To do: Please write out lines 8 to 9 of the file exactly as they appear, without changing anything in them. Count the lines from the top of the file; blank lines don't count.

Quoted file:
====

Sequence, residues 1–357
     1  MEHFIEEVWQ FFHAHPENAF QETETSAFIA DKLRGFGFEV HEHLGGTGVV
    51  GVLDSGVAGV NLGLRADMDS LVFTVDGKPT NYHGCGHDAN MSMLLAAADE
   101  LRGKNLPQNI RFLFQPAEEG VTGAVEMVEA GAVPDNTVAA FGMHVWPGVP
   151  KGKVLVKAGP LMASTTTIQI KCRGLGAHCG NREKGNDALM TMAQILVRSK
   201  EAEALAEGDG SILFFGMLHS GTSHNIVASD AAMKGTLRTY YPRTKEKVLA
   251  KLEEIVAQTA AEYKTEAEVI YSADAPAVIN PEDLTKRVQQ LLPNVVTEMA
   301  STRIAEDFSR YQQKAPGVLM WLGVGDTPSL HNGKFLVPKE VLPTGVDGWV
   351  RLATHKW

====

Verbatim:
   301  STRIAEDFSR YQQKAPGVLM WLGVGDTPSL HNGKFLVPKE VLPTGVDGWV
   351  RLATHKW